WeWork Files for IPO, Revealing Spiraling Losses of $1.6 Billion The filing provides the first in-depth look at WeWork's financial results.
This story originally appeared on Business Insider
WeWork, the office coworking company valued at $47 billion, made public on Wednesday its paperwork for an initial public offering, starting the countdown to one of the most highly anticipated -- and potentially scrutinized -- market debuts of the year.
In its filing with the Securities and Exchange Commission, WeWork's parent company The We Company, gave the world the first official look at its business results, revealing billions in losses, a sprawling collection of leases, and growing revenue.
WeWork hasn't stated how much it plans to raise during the IPO, although media reports suggest the figure will be at least $3 billion. The firm will trade under the ticker "WE", but hasn't said where it plans to list.
The filing reveals that WeWork has signed a commitment letter with more than 10 banks to raise $6 billion in debt. The company has already raised almost $8.4 billion to date.
The firm's balance sheet shows spiralling losses over the last three years:
- During the year December 31, 2016, WeWork lost $429 million on $436 million in revenue.
- The following year that loss increased to $890 million on $886 million in revenue.
- And for the full year 2018, WeWork lost $1.6 billion on $1.8 billion in revenue.
- For the first six months of 2019, the firm posted a loss of $690 million on $1.5 billion in revenue.
The company revealed it has minimum future lease obligations of $47 billion over the next 15 years.
WeWork's main investor, SoftBank, features heavily in the filing.
The document doesn't specify what percentage of the company SoftBank holds, but the firm has investments and commitments in WeWork of $10.65 billion. The Japenese firm holds 114 million shares, compared to 32.6 million shares for investor Benchmark and Neumann's own portion of 2.4 million shares.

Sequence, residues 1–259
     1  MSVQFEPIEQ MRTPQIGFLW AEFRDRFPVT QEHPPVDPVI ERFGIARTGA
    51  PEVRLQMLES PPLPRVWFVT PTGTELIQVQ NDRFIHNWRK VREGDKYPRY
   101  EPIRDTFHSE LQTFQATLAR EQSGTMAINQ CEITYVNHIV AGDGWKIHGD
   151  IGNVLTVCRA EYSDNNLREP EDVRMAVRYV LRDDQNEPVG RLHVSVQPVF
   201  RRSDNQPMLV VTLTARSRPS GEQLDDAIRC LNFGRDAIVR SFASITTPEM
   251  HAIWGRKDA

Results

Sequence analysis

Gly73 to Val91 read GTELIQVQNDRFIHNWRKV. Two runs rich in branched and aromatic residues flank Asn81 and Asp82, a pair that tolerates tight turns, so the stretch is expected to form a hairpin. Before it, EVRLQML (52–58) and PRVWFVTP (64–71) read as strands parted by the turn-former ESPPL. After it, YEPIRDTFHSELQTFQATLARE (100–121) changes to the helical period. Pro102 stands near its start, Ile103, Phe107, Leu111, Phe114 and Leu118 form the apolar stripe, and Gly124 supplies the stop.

We Co. will be the most highly valued startup to go public since Uber in May. But that may give investors pause. Uber -- as well as Lyft and Slack, the other giant startups that debuted this year -- have fared poorly since going public, trading below their offering prices.
CEO Adam Neumann could also face particular scrutiny from investors. He personally invested in buildings that were later leased to WeWork, a potential conflict of interest, although he later said he would transfer his interest in those buildings to an investment fund partially controlled by We Co.
The filing confirms that Neumann will transfer his interest in these buildings, but also states WeWork has minimum lease obligations of $236.6 million for the four buildings.
He also has sold off or taken out personal loans backed by his We shares to the tune of $700 million, which is far outside the norm for startup founders. More recently, he reconfigured We's corporate structure so that insiders like him would pay fewer taxes on the company's future profits than would outsider investors.
According to the filing, Neumann will continue to control the bulk of the voting rights through his tranche of class B and C shares. His wife Rebekah Neumann is listed as a cofounder and WeWork's chief brand officer and, unusually, would help pick Neumann's successor if he dies or becomes "permanently disabled."